Muslims have made almost no impact yet on American life. But they will and we should welcome it. They will be the most liberal-minded Muslims in the world and will contribute greatly to a more secular-sensitive Islam.

        Muslims are .04% of the population according to PEW research.

    • Why not for Muslims when you would seemingly defend it for other religious observers? It appears you know as little about Islam as you do about Christianity. If you studied the history of Christianity, even many current practices of some Christians, you might begin to wonder about that persuasion.

  2. We need to rethink the whole concept of the purpose of education for kids, public education, and the school year. We are no longer an agricultural society when kids were abused for labor on family farms just as much as kids were abused in cotton and woolen mills in New England.

    The education of kids is not only for the good the the kids, it is also for the benefit of future society in this nation in which, we hope, they will promote and protect the idea and practice of what we claim is our democracy.

    There need be no “war on Christmas” or any other religious observance as extremists claim, but the religious practices of some must never be forced onto others. Everyone must be respected and free to practice religion as they wish or to make no observance of any religion. Freedom of religion is only genuine when it includes freedom from religion.

    The school year should be revamped for our culture in our time. Too much time is lost with unneeded school breaks. Too much learning time is lost for kids by their absence from learning so teachers can improve their professional skills or do work related to their teaching that should be done outside the learning time of kids.

    Children have been protected against abuse by child labor laws. Those laws and their employment need improvement. School buildings need improvement for year-round use. Routine and reasonable breaks between learning sessions can accommodate family vacations.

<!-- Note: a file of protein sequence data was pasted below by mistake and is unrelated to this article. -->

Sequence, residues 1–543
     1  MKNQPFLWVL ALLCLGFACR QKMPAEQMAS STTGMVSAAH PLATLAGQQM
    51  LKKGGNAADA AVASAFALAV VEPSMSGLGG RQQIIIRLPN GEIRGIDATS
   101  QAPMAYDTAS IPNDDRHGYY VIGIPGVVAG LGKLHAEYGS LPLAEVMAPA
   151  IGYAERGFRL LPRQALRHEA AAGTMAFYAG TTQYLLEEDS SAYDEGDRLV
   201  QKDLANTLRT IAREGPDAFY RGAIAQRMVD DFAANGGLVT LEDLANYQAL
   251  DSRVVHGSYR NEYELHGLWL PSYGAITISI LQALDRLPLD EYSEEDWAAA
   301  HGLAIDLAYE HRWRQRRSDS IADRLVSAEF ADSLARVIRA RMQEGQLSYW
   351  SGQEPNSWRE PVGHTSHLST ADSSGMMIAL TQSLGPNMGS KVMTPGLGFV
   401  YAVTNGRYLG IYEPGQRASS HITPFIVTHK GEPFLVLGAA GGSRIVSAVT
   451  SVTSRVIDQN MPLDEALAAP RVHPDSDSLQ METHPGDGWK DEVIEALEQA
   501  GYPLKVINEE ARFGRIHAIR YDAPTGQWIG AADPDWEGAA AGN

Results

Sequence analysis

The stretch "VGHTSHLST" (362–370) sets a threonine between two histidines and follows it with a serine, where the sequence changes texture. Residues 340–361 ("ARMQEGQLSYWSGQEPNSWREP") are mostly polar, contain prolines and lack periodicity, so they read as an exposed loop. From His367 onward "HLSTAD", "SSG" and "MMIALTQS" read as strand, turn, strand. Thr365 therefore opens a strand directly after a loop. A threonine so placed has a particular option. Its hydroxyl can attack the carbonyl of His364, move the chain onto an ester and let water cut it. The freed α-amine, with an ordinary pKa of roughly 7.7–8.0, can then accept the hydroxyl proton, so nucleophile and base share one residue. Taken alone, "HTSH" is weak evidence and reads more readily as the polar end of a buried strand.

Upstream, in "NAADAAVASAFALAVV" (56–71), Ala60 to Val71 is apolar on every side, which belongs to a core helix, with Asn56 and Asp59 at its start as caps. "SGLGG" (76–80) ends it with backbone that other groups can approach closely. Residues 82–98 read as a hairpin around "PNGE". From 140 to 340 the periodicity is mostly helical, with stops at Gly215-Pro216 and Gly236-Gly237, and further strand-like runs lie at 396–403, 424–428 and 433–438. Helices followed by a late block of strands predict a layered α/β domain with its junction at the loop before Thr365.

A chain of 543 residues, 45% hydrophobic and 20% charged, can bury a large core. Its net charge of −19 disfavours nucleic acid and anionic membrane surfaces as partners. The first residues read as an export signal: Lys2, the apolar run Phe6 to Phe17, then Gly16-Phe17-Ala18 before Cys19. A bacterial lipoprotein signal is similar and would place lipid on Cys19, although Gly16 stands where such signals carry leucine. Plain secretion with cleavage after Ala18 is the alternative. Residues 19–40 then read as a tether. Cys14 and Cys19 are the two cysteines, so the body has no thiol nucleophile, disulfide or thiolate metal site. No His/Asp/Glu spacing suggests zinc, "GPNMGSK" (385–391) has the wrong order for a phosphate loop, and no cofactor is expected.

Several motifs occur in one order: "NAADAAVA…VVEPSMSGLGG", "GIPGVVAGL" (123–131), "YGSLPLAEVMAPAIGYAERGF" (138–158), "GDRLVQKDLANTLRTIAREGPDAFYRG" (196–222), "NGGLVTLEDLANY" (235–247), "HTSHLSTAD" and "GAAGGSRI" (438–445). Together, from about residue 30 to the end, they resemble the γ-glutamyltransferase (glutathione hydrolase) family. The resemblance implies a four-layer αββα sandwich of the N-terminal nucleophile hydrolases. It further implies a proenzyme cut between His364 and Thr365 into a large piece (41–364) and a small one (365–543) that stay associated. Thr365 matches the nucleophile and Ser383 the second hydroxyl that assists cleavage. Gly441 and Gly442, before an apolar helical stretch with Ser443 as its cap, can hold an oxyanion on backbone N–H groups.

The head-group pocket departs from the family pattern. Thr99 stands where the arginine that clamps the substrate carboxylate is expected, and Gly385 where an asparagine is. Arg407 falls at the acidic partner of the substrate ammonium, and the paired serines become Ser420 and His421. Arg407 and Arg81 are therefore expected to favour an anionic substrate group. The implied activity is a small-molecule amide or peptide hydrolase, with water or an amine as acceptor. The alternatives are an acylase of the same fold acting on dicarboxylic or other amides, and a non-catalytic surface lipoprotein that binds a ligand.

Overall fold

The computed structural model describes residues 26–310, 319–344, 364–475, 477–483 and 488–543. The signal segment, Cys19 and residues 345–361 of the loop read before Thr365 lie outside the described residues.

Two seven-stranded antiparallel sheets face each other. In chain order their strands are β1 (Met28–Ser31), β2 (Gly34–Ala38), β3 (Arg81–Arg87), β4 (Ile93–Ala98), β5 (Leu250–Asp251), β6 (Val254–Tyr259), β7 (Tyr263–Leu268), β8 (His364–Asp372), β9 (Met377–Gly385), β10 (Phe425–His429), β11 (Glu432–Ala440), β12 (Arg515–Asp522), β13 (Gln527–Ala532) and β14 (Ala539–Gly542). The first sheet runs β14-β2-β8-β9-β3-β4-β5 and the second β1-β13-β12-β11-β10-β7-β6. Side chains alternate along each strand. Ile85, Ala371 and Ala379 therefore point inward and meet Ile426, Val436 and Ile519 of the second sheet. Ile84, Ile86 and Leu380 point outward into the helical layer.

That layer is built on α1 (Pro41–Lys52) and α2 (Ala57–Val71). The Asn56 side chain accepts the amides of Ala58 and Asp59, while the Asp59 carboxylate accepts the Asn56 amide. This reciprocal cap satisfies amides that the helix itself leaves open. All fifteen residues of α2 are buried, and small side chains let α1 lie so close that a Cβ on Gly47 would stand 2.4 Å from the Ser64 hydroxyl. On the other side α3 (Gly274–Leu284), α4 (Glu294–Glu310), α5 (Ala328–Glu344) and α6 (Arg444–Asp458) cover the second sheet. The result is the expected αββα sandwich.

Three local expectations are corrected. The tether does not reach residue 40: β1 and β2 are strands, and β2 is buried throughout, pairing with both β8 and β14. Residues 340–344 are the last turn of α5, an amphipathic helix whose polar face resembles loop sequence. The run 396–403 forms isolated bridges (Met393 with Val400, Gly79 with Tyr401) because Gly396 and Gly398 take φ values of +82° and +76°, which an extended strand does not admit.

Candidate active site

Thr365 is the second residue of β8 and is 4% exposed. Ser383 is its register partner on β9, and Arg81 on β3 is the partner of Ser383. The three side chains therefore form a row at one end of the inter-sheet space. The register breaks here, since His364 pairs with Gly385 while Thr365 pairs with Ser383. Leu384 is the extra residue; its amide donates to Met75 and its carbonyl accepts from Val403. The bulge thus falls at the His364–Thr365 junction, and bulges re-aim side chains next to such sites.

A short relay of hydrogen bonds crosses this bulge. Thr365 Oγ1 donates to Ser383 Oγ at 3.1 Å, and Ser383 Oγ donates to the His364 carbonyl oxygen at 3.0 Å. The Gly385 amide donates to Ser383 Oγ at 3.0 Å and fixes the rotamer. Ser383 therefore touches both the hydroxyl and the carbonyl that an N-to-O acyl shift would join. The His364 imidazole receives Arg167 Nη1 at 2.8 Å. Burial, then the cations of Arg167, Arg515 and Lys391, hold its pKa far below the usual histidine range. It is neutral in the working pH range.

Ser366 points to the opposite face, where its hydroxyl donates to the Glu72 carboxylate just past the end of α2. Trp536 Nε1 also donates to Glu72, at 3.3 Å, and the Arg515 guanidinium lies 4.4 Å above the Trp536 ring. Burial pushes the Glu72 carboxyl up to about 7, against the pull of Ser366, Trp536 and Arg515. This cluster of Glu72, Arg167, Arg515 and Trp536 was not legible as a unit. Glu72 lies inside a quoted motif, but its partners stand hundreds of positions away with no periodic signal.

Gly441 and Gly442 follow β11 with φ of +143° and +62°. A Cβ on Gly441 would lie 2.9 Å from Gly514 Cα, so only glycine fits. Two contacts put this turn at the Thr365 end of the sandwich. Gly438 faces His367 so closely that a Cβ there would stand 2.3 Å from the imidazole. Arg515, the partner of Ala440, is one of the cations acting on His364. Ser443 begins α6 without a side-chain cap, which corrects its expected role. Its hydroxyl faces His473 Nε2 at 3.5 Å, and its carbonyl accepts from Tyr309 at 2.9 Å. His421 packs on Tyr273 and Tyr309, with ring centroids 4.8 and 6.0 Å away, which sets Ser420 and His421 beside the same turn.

This will cost more, but our so-called democracy that is being destroyed by plutocrats demands we take urgent steps to revamp the education of the young so they can preserve and promote genuine democracy for later generations.

    We must demand that the wealthy pay more in taxes for the cost of educational and labor improvement in return for the slave labor they have extracted at slave wages from those who have done the real work for centuries that has enabled them to become so wealthy.

    There is no need for all of society to close down for the religious observances of segments of that society.

  3. I find these arguments quite silly…not because religious liberty is important, but because we don’t make the arguments based on fact.

    The fact is existing “christian” holidays on the school schedule are for pagan holidays that nearly all religions celebrate. The rest are natural breaks (isn’t it winter break right now? At “Easter” we will take time off to celbrate the Equinox. “Christmas” is the solstice..etc….all with varying names throughout history, but all based on the earth’s tilt and rotation around the sun.

    It is the only way it can work….otherwise we should have no religious holidays due to the first ammendment. I think having society respect old pagan holidays is wonderful passive aggressiveness towards the idiotic war on christmas whimps.

    Oh, and I do remember the blue laws. Here in Massachusetts it is a very recent memory, stores only a handful of years ago had to get a permit to open on Sun-Day. We still struggle with liquor sales. I kid you not…Sunday sales ok if you operate a store near the state border.

  4. I don’t think schools should close for Muslim holidays. Most of the Muslims in NYC who demanded that schools close for Islamic holy days were from Pakistan, and Bangladesh. I ask you this… If I were to move to Pakistan or Bangladesh, would I demand that they close their schools for my holidays? No, I would not! It’s ridiculous both ways. Muslims account for less than 1% of our population; if they want to celebrate their holidays, go for it, but don’t close down our schools. Better yet, keep religion out of it. In my district, we have “winter” break and “spring” break, not Christmas vacation and Easter.